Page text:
- Don Butler, executive director of the Ford Connected Vehicle Platform and Product, announced in a Medium post on Monday that Ford has committed to deploy cellular vehicle-to-everything (C-V2X) technology in all new U.S. vehicle models starting in 2022.
- The C-V2X tech will allow equipped vehicles to "talk" to and "listen" to each other, as well as directly connect with traffic management infrastructure (such as traffic lights). Pedestrians can also use their mobile phones to convey their locations to vehicles, making roads safer for walkers and cyclists.
- "Driver-assist technologies today and autonomous vehicles of the future utilize on-board sensors much in the way people use their eyes to navigate complex environments," Butler wrote. "C-V2X could complement these systems in ways similar to how our sense of hearing complements our vision to improve our ability to operate in a complex world."
5G isn't just changing how society will utilize the internet — it's also transforming how vehicles can connect with their surrounding environment. The C-V2X platform will run on 5G and complement any existing LiDAR, radar and camera sensors for a "comprehensive view" of the road and infrastructure. According to Butler, the timing of this effort by Ford is "perfect," considering the cellular industry's push toward building 5G networks. However, the road ahead is still long — Ford acknowledges it must work with fellow automakers and government organizations in order to "create such a technology-neutral environment."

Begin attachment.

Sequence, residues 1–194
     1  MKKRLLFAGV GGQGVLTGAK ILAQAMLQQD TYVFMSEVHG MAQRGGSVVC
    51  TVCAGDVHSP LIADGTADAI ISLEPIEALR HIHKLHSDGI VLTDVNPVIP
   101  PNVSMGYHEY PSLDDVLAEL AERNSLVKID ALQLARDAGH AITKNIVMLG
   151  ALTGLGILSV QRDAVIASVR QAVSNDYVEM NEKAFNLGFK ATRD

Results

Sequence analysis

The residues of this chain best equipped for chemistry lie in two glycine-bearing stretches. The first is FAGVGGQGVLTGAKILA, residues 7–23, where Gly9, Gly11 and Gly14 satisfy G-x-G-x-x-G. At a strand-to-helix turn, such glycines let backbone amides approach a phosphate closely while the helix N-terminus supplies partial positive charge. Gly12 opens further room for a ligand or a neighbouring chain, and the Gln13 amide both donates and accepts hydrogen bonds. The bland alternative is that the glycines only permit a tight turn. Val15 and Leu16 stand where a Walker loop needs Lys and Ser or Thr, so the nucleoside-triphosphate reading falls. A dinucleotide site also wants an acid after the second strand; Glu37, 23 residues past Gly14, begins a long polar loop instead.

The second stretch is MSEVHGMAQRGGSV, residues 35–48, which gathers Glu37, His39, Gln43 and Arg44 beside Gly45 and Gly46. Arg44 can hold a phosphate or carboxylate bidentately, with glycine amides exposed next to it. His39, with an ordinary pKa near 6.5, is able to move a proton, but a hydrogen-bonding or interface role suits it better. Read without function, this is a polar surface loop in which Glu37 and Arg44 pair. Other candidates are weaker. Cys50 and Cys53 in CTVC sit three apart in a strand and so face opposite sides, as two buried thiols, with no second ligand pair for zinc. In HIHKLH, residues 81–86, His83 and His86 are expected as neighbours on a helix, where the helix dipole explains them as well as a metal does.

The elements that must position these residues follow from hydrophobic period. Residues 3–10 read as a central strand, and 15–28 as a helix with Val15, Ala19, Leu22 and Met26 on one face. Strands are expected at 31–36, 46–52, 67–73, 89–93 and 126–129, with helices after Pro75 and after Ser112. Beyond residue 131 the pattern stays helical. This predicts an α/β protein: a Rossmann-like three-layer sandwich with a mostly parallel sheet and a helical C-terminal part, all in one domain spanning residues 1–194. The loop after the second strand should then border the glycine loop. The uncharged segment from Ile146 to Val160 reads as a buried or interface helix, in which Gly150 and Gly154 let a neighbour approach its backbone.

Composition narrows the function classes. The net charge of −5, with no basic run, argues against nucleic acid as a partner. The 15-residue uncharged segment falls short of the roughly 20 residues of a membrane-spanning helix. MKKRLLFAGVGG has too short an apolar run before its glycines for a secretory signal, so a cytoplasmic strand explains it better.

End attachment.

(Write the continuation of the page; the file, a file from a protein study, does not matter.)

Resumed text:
Successful deployment would significantly impact pedestrian safety and traffic accidents. As cities invest in Vision Zero efforts, there may be advantages to working with automakers such as Ford to enhance these technologies and ensure that they fit into the city's overall safety goals.
The Ford announcement, which comes as the CES 2019 tradeshow kicks off, is one of many announcements to come from automakers; themes of autonomous vehicles, connected vehicles and 5G are central focuses of the event. Kia Motors, for instance, debuted an AI system to optimize in-car environments based on drivers' emotions, while the Toyota Mobility Foundation announced on Monday the five finalists of its three-year, $4 million Mobility Unlimited Challenge.